Cameron Kasky, Samantha Fuentes, and Zion Kelly
2018 PEN/Toni and James C. Goodale Freedom of Expression Courage Award

At the 2018 PEN America Literary Gala, PEN America will honor leaders in youth activism against gun violence Cameron Kasky and Samantha Fuentes, students at Marjory Stoneman Douglas High School, and Zion Kelly, the twin sibling of a victim of gun violence, with the 2018 PEN/Toni and James C. Goodale Freedom of Expression Courage Award. 

Soon after the shooting that took the lives of 17 of his peers and injured numerous others, Cameron Kasky and a group of his friends convened to launch March for Our Lives. He has since captured the nation’s attention leading rallies, appearing in interviews, authoring an op-ed for CNN, and questioning the NRA support of political figures. A week following the Parkland massacre, Samantha Fuentes, who was shot in both legs and whose face was wounded by shrapnel, sat for interviews despite visible injuries that presented unabashed evidence of the effects of gun violence. During the historic March for Our Lives, Fuentes boldly inspired a crowd to sing “Happy Birthday” to her slain friend Nicholas Dworet.

As part of their campaign, Kasky, Fuentes, and Kelly have forthrightly confronted the outsized impact of gun violence in black, Latino, and poor communities and the hurdles confronting communities of color in having their stories heard and amassing the political power to drive change. Zion Kelly, a senior at Thurgood Marshall Academy in Washington, D.C., is a gun violence survivor whose twin brother, Zaire, was killed on his walk home—by the same man who attempted to rob Zion at gunpoint earlier that night. In a coordinated effort with student leaders from Parkland, Kelly has amplified the discussion of gun violence with respect to class, race, and socioeconomics. He has made multiple media appearances, and has lobbied to effect change to Washington, D.C., law, announcing his family’s proposal of the Zaire Kelly Public Safety Zone Amendment Act of 2018 (expanding both safety zones and the legal definition of “students”) and using social media to urge specific local Council members to vote in a bill that would to lower the Washington, D.C., voting age to 16—giving youth a stronger voice in political discourse.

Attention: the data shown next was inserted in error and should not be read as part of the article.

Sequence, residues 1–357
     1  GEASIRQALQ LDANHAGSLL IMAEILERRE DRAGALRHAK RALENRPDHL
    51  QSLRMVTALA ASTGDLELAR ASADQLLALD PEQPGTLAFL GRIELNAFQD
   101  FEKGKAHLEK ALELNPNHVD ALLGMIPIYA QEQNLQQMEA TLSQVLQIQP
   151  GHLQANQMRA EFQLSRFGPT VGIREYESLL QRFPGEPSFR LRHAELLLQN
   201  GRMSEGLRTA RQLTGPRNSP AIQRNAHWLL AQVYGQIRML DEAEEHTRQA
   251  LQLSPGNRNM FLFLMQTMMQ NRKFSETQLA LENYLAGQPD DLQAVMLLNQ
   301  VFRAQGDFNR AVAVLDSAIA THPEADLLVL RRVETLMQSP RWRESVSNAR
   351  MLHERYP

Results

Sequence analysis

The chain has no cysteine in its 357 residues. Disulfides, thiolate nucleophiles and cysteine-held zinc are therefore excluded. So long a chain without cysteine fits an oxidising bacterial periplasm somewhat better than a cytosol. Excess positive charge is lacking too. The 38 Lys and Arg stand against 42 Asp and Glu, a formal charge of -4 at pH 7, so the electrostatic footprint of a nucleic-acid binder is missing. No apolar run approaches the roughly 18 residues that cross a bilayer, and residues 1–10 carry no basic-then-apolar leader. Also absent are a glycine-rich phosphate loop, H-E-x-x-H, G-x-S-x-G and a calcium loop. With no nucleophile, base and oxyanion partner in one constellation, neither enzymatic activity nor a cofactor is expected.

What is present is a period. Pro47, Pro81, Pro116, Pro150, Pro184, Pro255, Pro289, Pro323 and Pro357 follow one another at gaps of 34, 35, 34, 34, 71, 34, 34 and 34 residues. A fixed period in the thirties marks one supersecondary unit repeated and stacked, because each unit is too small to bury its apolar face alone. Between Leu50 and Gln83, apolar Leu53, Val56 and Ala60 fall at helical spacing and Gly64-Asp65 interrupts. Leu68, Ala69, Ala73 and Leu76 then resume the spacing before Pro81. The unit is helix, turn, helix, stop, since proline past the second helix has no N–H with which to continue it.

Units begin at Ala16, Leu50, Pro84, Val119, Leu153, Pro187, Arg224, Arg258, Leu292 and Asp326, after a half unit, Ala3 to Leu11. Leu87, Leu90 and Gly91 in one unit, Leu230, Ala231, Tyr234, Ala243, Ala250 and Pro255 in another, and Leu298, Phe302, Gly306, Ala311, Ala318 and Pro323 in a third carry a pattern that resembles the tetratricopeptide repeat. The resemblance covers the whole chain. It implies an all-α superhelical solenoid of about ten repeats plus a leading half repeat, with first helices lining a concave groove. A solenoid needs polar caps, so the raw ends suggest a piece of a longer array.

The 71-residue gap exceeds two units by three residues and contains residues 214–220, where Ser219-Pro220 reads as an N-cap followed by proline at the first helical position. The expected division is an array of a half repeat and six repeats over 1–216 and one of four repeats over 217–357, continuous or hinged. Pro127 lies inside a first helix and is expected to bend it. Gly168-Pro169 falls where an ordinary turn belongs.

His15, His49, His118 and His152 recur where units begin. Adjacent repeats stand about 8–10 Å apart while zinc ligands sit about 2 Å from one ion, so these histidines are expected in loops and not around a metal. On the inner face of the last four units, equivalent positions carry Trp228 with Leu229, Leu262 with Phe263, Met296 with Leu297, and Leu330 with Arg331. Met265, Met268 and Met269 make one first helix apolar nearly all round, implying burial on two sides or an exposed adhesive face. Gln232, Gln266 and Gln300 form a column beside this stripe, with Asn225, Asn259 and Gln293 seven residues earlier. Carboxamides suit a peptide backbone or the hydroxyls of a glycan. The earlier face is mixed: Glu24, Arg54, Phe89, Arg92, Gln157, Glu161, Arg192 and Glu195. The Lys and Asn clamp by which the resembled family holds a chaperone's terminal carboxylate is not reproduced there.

“We are awed by these students’ bracing and courageous exercise of their free expression rights in the face of crushing personal tragedy. They have used their voices fearlessly to demand substantive change, elevating and unifying the many communities that have been devastated by gun violence. They have galvanized millions in a rising generation to speak out for the first time, withstanding a barrage of attempts to denigrate their authenticity and authority. It is our great honor to recognize them as the recipients of this year’s PEN/Toni and James C. Goodale Freedom of Expression Courage Award.”

—Suzanne Nossel, Executive Director, PEN America


  • The March for Our Lives, organized by students from Marjory Stoneman Douglas High School, amassed hundreds of thousands of demonstrators across the country.
  • The law known as the Marjory Stoneman Douglas High School Public Safety Act was passed after students lobbied for gun reform in Florida. It was the first time in 30 years the state had passed any gun restrictions.